From our canyon rim boondock campsite in Locust Point in the Kaibab National Forest in Arizona, we headed to the equally evocatively named Vermillion Cliffs National Monument in Utah, then through a town called Cliff Dwellings which made us think Native Americans must have settled here. When we pulled off the road amidst an eerie flotsam of bulbous rocks perched atop way-too-flimsy looking pillars of earth, which give the appearance of geological toadstools, we did, indeed, see Native Americans.

However, they’ve inherited this place and now use it as a roadside vending stand. The original inhabitant of Cliff Dwellings was a woman named Blanche who started building rooms and then whole homes amidst the rock jumble in the 1920s after her car broke down pretty much where we parked our Safari SE. Yes, wacky.

The next day we continued our extraordinary streak of good luck, obtaining last-minute permits by scoring a green light to hike into North Coyote Buttes, aka The Wave in Paria Canyon-Vermillion Cliffs Wilderness Area. The swirling, sloping walls of tangerine, pale pink, and taupe colored Navajo sandstone became so popular after being featured in European movies that the Bureau of Land Management (BLM), which administers the area, has had to institute a complicated lottery system to dole out the 10 permits given each morning for access to the area on the following day (you can also reserve one of 10 slots per day in advance, but we never work that far ahead).

We set aside three mornings to attempt to get a permit (some days hundreds of people show up for the 10 slots), never dreaming we’d score a permit on our first time out. Wit hour permit for The Wave secured, we had plenty of free time to explore other less famous spots in the area which BLM staff made clear are just as spectacular as The Wave.

The Wave formation at North Coyote Buttes in the Paria Canyon- Vermillion Cliffs Wilderness Area in Utah.

But first, we had to find a home, so we drove a few miles out a dirt road into the Paria Canyon-Vermillion Cliffs Wilderness Area and parked the Airstream in a flat, clear turn around off the road. Voila! Then we headed to Wire Pass/Buckskin Gulch for a taste of this amazing landscape.

When we hear the word “pass” we think of high mountain peaks that require long uphill slogs before reaching the “pass” onto the other side of a mountain range. In this part of the world, however, passes through rocky obstacles happen in the opposite way—way down low on the ground where water has worn away slot canyons which are used to “pass” through.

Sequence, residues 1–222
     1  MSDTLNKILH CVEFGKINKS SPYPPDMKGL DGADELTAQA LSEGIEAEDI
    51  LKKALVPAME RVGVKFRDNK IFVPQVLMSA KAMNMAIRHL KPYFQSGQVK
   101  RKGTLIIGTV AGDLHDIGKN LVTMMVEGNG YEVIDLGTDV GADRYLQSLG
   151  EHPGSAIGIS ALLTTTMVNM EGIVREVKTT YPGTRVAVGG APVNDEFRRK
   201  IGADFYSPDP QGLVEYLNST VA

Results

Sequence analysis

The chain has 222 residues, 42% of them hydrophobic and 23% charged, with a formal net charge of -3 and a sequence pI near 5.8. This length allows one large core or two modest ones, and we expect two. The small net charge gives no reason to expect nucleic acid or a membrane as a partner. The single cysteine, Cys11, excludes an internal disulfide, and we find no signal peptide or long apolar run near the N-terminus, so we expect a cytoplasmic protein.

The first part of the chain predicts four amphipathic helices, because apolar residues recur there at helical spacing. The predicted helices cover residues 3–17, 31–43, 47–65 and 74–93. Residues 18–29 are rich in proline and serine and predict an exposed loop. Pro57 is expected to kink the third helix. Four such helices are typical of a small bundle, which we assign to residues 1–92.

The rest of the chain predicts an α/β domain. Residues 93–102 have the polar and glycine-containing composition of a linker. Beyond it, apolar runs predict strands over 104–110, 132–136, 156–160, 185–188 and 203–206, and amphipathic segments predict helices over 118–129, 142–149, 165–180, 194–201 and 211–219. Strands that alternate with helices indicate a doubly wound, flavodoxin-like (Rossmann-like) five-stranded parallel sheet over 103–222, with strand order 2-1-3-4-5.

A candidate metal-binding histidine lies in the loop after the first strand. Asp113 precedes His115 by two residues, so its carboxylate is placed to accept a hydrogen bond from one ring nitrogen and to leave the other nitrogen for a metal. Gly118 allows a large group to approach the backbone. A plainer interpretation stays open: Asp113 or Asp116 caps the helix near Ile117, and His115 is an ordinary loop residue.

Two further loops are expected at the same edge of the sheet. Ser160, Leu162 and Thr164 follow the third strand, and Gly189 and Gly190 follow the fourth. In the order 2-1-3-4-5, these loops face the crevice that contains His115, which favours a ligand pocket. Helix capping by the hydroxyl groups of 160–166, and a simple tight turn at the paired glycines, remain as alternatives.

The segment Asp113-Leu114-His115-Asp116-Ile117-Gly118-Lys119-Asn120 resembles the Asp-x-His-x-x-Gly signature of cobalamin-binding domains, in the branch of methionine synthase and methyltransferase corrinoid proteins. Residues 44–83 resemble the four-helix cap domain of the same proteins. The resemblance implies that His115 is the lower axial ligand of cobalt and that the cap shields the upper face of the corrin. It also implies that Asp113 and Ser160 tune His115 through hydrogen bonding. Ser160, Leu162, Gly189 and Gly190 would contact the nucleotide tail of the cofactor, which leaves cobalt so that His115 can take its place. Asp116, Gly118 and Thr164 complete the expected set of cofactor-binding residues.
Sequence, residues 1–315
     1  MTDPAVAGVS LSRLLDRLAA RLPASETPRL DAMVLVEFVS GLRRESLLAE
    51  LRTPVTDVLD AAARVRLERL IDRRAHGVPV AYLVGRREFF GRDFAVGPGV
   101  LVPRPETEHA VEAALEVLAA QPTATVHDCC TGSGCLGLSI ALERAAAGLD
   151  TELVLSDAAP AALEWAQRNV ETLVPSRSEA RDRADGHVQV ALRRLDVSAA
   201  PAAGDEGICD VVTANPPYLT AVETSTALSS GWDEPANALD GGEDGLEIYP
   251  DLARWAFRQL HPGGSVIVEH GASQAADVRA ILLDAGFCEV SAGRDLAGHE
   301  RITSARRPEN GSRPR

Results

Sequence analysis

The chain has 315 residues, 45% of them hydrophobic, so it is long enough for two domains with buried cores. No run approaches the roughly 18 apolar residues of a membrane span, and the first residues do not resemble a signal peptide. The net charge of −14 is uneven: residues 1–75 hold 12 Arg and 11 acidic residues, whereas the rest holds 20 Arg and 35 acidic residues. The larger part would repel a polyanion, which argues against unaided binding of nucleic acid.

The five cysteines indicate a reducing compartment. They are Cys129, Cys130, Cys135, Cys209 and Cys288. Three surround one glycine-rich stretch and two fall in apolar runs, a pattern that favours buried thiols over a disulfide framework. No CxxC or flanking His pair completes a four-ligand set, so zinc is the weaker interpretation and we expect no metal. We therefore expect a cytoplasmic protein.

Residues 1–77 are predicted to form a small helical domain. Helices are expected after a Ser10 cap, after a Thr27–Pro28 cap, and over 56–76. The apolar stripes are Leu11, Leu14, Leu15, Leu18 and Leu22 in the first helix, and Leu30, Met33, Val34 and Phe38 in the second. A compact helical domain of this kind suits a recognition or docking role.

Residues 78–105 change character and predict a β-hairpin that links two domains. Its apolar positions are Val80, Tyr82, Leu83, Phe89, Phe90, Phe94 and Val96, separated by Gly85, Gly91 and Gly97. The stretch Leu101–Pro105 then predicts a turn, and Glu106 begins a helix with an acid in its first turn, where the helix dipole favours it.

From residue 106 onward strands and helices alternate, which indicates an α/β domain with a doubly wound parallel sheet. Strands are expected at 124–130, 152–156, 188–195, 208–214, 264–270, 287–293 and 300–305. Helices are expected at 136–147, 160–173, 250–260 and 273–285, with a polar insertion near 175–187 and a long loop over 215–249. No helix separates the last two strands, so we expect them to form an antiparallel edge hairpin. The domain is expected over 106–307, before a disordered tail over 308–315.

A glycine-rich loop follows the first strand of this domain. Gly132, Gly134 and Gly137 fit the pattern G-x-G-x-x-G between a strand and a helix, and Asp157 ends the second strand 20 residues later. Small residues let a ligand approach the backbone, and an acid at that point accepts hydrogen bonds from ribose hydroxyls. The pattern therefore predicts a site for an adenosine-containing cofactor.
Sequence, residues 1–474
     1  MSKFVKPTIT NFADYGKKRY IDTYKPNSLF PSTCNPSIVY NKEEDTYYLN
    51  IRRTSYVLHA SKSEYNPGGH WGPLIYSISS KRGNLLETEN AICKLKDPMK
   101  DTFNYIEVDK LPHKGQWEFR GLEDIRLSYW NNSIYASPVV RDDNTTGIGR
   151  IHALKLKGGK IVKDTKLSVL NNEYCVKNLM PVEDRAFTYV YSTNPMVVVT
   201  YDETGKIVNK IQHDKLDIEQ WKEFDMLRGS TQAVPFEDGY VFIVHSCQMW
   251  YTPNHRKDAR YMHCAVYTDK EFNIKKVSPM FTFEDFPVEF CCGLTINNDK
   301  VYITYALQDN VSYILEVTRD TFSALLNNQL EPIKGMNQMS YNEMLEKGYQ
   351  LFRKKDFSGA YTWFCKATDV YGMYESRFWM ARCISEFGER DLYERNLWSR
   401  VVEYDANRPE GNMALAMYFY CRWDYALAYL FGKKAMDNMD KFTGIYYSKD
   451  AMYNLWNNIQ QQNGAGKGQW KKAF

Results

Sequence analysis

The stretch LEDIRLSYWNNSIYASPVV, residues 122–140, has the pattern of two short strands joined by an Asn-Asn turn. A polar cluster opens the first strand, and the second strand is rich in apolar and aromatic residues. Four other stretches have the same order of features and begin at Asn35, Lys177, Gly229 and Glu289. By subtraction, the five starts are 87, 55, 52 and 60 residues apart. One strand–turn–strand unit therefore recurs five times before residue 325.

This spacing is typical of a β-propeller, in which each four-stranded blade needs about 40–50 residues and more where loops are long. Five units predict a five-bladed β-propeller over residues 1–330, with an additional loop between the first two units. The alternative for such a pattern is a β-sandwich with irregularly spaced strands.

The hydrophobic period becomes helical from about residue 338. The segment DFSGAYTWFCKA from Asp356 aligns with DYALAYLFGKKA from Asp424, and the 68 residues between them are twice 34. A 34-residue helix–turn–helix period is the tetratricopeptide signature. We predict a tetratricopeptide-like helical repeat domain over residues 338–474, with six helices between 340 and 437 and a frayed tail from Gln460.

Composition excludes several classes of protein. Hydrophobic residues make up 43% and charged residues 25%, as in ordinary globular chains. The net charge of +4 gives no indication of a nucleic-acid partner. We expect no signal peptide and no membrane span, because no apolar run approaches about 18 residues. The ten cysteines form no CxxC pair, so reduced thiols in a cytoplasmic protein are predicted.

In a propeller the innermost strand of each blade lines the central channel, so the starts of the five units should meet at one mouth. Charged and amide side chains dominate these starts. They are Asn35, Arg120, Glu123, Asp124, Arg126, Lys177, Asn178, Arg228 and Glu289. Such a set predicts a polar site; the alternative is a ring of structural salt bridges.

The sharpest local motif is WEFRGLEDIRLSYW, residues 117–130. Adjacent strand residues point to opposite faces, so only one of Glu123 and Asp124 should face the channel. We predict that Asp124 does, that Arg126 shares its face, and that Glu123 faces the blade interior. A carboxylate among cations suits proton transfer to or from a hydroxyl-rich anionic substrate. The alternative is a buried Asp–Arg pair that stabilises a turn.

The resulting slot canyons, like Wire Pass and Buckskin Gulch, are narrow, high-walled and sinewy. In some places light never reaches the bottom of the canyon and the walls are so close together that you have to turn sideways to pass through. Many areas of the canyon floor are strewn with big boulders washed into the slots during sometimes deadly flash floods.

A boulder-strewn section of the slot canyon called Wire Pass.

The most hardcore slot canyons require scaling mountains of these boulders and fording deep, dark, cold areas of collected water. However, Wire Pass and Buckskin Gulch are easy ambles once you’re over a few tricky boulders early on. There was very little standing water and what was there could be easily skirted. The biggest hazards were pockets of saturated mud the consistency of chocolate pudding that would probably suck the boots right off your feet if you got in too deep.

Then there were the rattlesnakes.

No big deal. We’ve seen them before. But the one we came across in Buckskin Gulch was in a narrow place with sheer canyon walls on either side that prevented us from giving the venomous snake a wide berth as we passed. No matter how we cut it, in order to move further into the canyon we’d have to walk by the snake within striking distance.

Karen hiking in the Buckskin Gulch slot canyon.

Despite the fact that the poor snake looked more than half dead from the cold and from the trauma of however he managed to fall or get dropped into the frigid slot canyon, risking a rattlesnake bite seemed foolhardy so we turned around as the snake tossed us one last half-hearted flick of his sad little tongue.

The next morning we grabbed our coveted hiking passed and head for The Wave which involved a fair amount of climbing up and over rounded shoulders of rust-colored sandstone formations which is generally a pleasure since sandstone is so grippy and easy to walk on. What wasn’t so easy to walk on were the long stretches of sand. Since both sandstone and loose sand are hard to construct a trail through, the route was marked only by the occasional karin.

Eric in The Wave.

We reached the mouth of The Wave formation just as the sun was getting high enough to really show off the color bands in its hot-pulled-taffy shapes that were formed by wind blowing the sandstone particles into the form of an enormous wave. It was lovely and hypnotic and seemed to change before our eyes.

Karen in The Wave.

After sitting on the edge of a big sandstone bowl above the main Wave formation for a while we explored the rocks around The Wave. Weirdly, they were all pretty much just normal sandstone—except for a formation another hiker called The Hamburger. From one side it just looked like another lumpy sandstone ball. From the other side, however, it had been eroded in a way that made it look exactly like a big sloppy burger on a bun complete with tomato and lettuce.

Hamburger Rock sits just above The Wave at North Coyote Buttes.

We were very grateful that we were able to get to The Wave, but as we left the Paria Canyon-Vermillion Cliffs Wilderness Area we have to think the local BLM staff members were right. There are definitely other stars in the area besides The Wave.

Here’s more about travel in the USA


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